PicksInSix Review: SWEAT
SIZZLING ‘SWEAT’ FEATURES POWERFUL CORE PERFORMANCES
“Sweat,” the 2017 Pulitzer Prize-winning play by Lynn Nottage that opened Monday in a crisply directed Ron OJ Parson Chicago premiere production at Goodman Theatre, is set in Reading, Pennsylvania, a steel mill town in the midst of the cyclical industrial turmoil that threatens blue-collar families in communities across America.
The action occurs at pivot points in 2000 and 2008, bookends that allow for the dramatic elements of the storyline to evolve in vignettes that initially include parole officer Evan (Ronald L. Conner) in meetings with Jason (Mike Cherry) and Chris (Edgar Miguel Sanchez) who have recently been released from prison.
The livelihood of every character in Nottage’s compelling story is tied to the prosperity of the Olstead steel tubing plant. In the opening scene set eight years earlier at a local bar managed by Stan (Keith Kupferer), three women who have worked together on the factory floor since high school–Chris’s mother, Cynthia (Tyla Abercrumbie) who is African-American, Jason’s mother, Tracey (Kirsten Fitzgerald), and their over-served wingman Jessie (Chaon Cross)–are celebrating Tracey’s birthday. Stan’s Colombian employee Oscar (Steve Casillas) is present, as well as Cynthia’s ex-husband, Brucie (André Teamer), whose life and familial relationships have spiraled out of control since he lost his job.
A supervisor opening at the mill has everyone talking. Cynthia views the promotion as a chance to finally leave the floor and applies. However, when she gets the job, the friction riles her relationship with Tracey and Jessie, who know that a change in their work association will be fatal to the friendship. It all starts to unravel when a notice is distributed in Spanish; lines are drawn and tempers begin to flare.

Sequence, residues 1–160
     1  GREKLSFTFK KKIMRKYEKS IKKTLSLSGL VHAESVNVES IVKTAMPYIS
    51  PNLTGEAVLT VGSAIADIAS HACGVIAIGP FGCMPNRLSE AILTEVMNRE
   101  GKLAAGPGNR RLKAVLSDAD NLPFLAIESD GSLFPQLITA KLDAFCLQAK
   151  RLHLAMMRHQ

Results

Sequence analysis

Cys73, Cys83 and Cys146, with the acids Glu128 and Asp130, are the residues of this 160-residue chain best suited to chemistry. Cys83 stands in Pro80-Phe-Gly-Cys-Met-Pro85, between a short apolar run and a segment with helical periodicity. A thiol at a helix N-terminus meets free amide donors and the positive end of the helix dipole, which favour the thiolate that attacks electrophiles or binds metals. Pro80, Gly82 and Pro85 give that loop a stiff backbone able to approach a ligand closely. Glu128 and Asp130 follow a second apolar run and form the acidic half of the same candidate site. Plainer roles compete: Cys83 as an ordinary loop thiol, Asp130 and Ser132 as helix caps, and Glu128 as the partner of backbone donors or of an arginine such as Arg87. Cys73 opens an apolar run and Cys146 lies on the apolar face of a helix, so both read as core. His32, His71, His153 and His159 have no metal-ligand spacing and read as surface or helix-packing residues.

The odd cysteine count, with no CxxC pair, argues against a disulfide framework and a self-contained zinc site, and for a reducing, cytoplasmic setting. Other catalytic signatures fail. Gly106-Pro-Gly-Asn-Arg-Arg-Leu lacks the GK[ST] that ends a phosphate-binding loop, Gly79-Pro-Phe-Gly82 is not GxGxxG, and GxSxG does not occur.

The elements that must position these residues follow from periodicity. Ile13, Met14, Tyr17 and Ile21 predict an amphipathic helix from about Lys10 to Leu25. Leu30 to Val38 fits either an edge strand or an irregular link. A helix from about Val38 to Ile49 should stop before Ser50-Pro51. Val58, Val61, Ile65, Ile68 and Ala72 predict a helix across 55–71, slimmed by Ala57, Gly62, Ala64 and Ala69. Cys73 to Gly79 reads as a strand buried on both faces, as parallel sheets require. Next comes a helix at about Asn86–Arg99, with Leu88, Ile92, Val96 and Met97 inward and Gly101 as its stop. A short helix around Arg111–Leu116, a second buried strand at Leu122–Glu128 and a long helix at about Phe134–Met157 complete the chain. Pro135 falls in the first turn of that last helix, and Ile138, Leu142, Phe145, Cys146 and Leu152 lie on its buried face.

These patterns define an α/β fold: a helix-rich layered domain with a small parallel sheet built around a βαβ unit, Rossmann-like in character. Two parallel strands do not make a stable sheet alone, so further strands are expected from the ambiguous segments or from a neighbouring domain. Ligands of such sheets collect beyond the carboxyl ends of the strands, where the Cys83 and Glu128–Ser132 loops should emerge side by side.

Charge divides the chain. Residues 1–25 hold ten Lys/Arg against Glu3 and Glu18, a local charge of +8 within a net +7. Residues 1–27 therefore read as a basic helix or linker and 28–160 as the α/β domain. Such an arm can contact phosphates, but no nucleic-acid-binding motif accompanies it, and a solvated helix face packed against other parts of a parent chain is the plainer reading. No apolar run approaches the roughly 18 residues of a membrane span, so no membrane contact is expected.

The sizzling emotional interaction of Abercrumbie and Fitzgerald–alternating between sisterhood and disdain for one another–provide the show’s powerful core performances. Kupferer is terrific in the role of the former mill worker whose career was cut short due to injury. The entertaining Cross spends most of the evening delightfully inebriated, while the friendships between the women is mirrored in the fine portrayals of the sons by Cherry and Sanchez, who, with Casillas, raise the dramatic tension of the piece to a fever pitch.
The creative design team–Kevin Depinet (set), Mara Blumenfeld (costumes), Keith Parham (lighting) and Richard Woodbury (sound)–have created a stunner for this production that evokes the pre-911 post-market collapse span of the era as a defining moment for generations of factory workers whose lives and world view have been irreparably altered. Nottage’s profoundly insightful work reminds us of the collateral damage that hateful dialogue and pent-up rage can inflict on others–a stark and valuable lesson for our time.
through April 14th
170 NORTH DEARBORN
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